Ethnic susceptibility to crowding: An Empirical Analysis

A. R. Gillis, Madeline A. Richard, John Hagan

Research output: Contribution to journalArticlepeer-review

27 Scopus citations


Impressionistic evidence suggests that Asians, the British, and Southern Europeans differ in the way they view and adapt to the physical environment. This research examines differences in tolerance of population density across these ethnic categories. Using room density and design density as predictors, and psychological strain as an indicator or crowding, the data show that Asians are most tolerant of high density. Respondents of British origin seem least adaptable, and Southern Europeans are somewhere in between. The findings support the qualitative observations and hold when gender and socioeconomic status are included as controls. The data were drawn from a sample of adolescents in the Toronto Central Metropolitan Area.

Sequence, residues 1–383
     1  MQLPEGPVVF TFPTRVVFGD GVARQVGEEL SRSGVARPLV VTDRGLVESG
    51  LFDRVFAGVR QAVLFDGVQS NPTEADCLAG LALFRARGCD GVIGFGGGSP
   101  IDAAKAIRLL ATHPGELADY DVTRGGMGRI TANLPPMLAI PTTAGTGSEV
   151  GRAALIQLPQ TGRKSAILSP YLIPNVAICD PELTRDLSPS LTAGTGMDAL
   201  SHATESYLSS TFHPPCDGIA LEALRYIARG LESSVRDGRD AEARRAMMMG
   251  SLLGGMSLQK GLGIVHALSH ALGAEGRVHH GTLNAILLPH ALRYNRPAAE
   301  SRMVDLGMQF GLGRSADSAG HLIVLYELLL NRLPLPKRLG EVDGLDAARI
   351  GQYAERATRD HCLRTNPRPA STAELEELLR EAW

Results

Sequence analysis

Original languageEnglish (US)
Pages (from-to)683-706
Number of pages24
JournalEnvironment and Behavior
Issue number6
StatePublished - Nov 1986

ASJC Scopus subject areas

  • Environmental Science(all)


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